Sunday, June 16, 2013

In praise of public service graffiti

Not all graffiti is bad. Some of it does a public service, such as correcting bad grammar, making an important social statement or even helping traffic flow.
What follows are some examples of public service graffiti.

The Great Typo Hunt

Jeff Deck and Benjamin Herson, described as editors with no off-switch, formed the Typo Eradication Advancement League to correct misspellings and poor grammar on signs across the U.S. They chronicled their adventures in a book, “The Great Typo Hunt” (2010).
“Armed with markers, chalk, and correction fluid, they circumnavigated America, righting the glaring errors displayed in grocery stores, museums, malls, restaurants, mini-golf courses, beaches, and even a national park,” the book’s description says.

The Tutor Crowd

U.K.-based online tutoring service The Tutor Crowd created a Tumblr blog of its viral marketing campaign to bring English language education to the streets. It corrected poor spelling and grammar on graffiti around London and added a sticker for its service as a signature.

Guerrilla Public Service

In 2001, artist Richard Ankrom surreptitiously installed a new traffic sign over the 110 freeway in downtown Los Angeles. Frustrated by the lack of signage to point drivers to the I-5 North exit, Ankrom took matters into his own hands and crafted a replica directional sign and installed it. He called it “Guerilla Public Service” and hoped it would ease traffic congestion and perhaps save lives.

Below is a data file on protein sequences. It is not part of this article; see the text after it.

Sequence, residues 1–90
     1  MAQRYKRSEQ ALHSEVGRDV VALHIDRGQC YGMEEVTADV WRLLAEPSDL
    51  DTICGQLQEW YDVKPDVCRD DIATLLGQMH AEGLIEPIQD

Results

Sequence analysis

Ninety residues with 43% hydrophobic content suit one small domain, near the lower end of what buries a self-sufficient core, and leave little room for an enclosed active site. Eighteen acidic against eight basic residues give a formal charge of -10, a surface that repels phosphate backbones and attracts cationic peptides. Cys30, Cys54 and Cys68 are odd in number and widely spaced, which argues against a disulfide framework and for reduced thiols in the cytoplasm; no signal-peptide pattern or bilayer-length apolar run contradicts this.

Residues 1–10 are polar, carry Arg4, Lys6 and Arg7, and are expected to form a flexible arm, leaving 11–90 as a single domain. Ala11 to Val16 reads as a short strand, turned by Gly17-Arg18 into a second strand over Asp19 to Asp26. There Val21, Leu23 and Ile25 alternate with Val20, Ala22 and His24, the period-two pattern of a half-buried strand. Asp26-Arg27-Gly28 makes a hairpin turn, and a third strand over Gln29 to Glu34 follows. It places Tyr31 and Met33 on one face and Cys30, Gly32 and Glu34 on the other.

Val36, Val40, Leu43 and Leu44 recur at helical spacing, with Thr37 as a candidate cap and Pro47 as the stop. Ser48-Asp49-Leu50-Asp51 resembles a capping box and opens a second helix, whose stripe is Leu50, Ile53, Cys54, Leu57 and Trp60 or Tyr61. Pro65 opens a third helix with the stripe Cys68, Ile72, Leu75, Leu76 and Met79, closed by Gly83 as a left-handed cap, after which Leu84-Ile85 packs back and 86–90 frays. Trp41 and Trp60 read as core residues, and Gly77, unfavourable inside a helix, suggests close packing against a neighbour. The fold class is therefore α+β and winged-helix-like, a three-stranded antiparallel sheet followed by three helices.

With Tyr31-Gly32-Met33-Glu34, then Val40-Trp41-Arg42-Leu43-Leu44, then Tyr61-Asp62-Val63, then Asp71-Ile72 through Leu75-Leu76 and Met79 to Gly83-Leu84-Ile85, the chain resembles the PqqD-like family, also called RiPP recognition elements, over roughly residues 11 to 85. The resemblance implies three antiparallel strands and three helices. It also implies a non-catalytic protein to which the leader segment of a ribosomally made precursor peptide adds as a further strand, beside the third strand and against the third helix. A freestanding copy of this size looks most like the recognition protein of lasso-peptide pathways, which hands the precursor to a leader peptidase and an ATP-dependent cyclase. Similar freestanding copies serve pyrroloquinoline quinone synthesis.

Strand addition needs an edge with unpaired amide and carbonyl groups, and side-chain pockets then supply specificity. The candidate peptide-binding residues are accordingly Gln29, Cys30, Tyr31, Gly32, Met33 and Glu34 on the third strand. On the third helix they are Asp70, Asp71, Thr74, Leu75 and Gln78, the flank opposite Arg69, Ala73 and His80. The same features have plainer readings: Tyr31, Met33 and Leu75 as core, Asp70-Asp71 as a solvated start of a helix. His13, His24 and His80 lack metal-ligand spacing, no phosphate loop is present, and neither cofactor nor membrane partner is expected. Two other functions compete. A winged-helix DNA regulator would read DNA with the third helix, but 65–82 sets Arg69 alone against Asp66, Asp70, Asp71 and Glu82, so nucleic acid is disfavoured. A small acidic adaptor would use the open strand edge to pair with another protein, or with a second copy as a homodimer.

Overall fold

The sign was so authentic that Caltrans officials let it remain for more than eight years, even after it was revealed shortly after its installation to be an art project. It was replaced as part of a signage upgrade initiative in 2009.
See articles by LA Weekly and Good.

Stenciled Compass Project

In 2010, an unknown street artist began stenciling directional compasses on the sidewalks outside subway stops in Manhattan. The compasses likely proved helpful to many disoriented tourists and other New York City visitors.
See article by NYC The Blog.


An unknown street artist in Hamburg made a statement about an H&M ad campaign that featured photos of a model heavily altered with photo-editing tools. The artist affixed a Photoshop toolbar to billboards with the ad campaign.
See article by Brandflakes for Breakfast.

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